The camera on your smartphone can earn you money in a number of ways, from selling pics to image libraries to getting cashback on groceries.
There was a time when you needed to be a bit of a photography buff before you’d carry around a camera with you capable of taking stunning looking pictures.
But nowadays, with many of us strolling around with costly smartphones that come with powerful cameras as standard, it’s much easier to get snapping.
And if you’ve got a bit of a knack for it, you can put those pictures to better use than simply getting a few likes on Facebook and Instagram. You can actually convert those pictures into cold, hard cash.
Selling stock photos
Take a look at the websites you go on every day. Plenty of them will rely on stock photos to spruce up their sites, pictures that they have purchased the right to use.
Here at loveMONEY we are no exception.
What’s more, the websites that sell on these photos don’t just accept submissions from professionals – plenty of the pictures that media outlets and businesses can purchase have been uploaded by amateurs just like you.
Whether it’s a person looking pensively at a letter or laptop, an empty wallet, or simply a picture of a famous landmark, there are all sorts of snaps that you can take with your mobile and then make available through stock photo websites.
One noteworthy new option is Stockimo, an app from Alamy. It’s only available on relatively up to date iPhones at the moment, but you can potentially earn a packet if lots of different users opt to license your snaps.
The actual price for each photo will vary, depending on a host of factors including its size, where it’s being used and for how long. You’ll get to keep 20% of every sale though.
There are loads of different stock photo websites to consider though, including the likes of iStockPhoto and Shutterstock.
It’s important to have a proper read of their terms and conditions to see how – and how much – you’ll be paid for any of your photos that are used.
With iStock, for example, you’ll need to sign up and then send over a handful of examples of your snaps before you’ll be allowed to flog photos through the site. With Shutterstock all of your uploaded pics need to be reviewed, as well as correctly ‘tagged’.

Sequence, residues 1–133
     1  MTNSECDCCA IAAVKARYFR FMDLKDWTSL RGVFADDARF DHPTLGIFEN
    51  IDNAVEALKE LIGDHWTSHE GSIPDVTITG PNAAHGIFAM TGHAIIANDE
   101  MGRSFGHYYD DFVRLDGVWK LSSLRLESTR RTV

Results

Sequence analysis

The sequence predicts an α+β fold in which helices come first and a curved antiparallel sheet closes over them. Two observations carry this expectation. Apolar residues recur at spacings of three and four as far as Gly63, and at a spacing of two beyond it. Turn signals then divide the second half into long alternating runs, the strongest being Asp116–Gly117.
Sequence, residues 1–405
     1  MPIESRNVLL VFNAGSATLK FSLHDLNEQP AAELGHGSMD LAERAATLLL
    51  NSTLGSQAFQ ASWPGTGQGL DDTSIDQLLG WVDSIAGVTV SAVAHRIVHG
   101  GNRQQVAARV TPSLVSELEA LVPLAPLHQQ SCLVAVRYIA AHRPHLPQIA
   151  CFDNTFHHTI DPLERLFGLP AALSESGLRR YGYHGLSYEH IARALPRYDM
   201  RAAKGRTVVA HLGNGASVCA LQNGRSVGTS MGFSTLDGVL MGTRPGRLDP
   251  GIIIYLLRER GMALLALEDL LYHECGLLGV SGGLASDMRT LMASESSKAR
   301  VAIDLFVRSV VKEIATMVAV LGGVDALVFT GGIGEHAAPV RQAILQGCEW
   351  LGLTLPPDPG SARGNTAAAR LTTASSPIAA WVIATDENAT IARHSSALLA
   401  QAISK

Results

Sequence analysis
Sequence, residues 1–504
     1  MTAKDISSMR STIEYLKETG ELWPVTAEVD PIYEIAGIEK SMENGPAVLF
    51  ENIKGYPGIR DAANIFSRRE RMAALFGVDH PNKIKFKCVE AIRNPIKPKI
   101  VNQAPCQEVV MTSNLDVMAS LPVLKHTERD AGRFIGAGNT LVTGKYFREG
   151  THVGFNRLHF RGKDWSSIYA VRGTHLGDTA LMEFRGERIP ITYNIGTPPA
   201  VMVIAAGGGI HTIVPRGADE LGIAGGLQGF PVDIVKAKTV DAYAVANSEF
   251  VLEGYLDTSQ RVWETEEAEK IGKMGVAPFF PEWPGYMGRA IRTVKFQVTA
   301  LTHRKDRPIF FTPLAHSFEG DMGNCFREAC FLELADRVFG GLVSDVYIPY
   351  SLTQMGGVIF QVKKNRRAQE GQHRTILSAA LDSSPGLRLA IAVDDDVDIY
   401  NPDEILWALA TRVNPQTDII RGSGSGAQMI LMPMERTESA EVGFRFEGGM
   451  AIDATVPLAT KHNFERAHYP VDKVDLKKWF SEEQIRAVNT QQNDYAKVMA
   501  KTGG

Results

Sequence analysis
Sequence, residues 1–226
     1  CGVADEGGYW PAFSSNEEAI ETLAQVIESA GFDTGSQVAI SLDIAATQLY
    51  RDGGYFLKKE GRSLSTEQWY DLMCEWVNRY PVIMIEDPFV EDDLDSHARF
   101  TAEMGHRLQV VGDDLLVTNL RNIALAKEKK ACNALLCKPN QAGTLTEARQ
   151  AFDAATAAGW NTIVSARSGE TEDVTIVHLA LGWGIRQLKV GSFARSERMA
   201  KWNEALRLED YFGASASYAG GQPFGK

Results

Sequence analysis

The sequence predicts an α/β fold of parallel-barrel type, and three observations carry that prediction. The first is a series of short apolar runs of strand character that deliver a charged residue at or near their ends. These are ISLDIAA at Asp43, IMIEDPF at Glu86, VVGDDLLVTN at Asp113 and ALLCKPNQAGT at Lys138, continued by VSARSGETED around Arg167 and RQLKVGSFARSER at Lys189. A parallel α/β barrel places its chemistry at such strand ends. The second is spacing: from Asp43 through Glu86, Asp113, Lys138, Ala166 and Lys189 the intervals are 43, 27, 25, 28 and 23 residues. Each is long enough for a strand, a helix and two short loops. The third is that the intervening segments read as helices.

Alternatively, you could try to sell your stock photos through a site like Etsy. It may not be the first site you think of when it comes to selling photos, but you're in more control over precisely what you sell – and what you can charge doing so.
It’s also important to think about what sorts of stock photos you see popping up on news sites and where there might be gaps.
And let’s be honest, there’s no doubt your friends fancy their chance at being a model, even if it’s just posing in your kitchen rather than on some glamorous shoot abroad.
We can’t all be amateur David Bellamy's of course. So even if you’re dreadful at taking photos that you could sell on, there are still ways to turn that camera on your phone into a little earner.
For example, some cashback sites will give you a few pennies back if you purchase particular items the next time you hit the supermarket, such as Quidco’s ClickSnap service.
Take a picture of your receipt with your phone and then share it with the cashback site and you’ll get a bit of money back. It may only be small amounts, but it can quickly add up to something more substantial, particularly if they are items you were going to buy anyway.
Other apps worth a look here include HuYu, SnapMyEats and ReceiptHog.
Another option is the Job Spotter app. It is the brainchild of jobs website Indeed, and is an attempt to bring some of those job ads that you might only see in shop windows online.
So while you’re out and about, if you spot a ‘help wanted’ ad in a newsagent, local bakery or wherever, take a snap with your phone and upload it to the app.
You earn points for each approved ad – basically, one that hasn’t already been uploaded by someone else – and those points can then be converted into gift cards for places like Amazon.
Again, it’s not going to make you rich, but you can quickly make a few quid just by being a little eagle-eyed while out on your lunch break or on the commute to work.
Become a YouTuber
Not that long ago the mere idea of someone basing their career around uploading videos to the internet would have seemed utterly ridiculous to me. But I confess I have gone through a complete turnaround on this, to the point that I now actively seek out specific ‘YouTubers’, god help me.
And while many successful streamers have invested in quality broadcast equipment, there are plenty of people filming their content from their humble smartphones.
For example, my family are planning a holiday to Disneyland and the sheer number of channels specifically designed to offering guidance to holidaymakers – and which are shot almost entirely on camera phones – is remarkable.
Making money from YouTube is far from easy though, as our guide makes clear.
Looking for even more ways to make extra cash: read our comprehensive guide to boosting your income.
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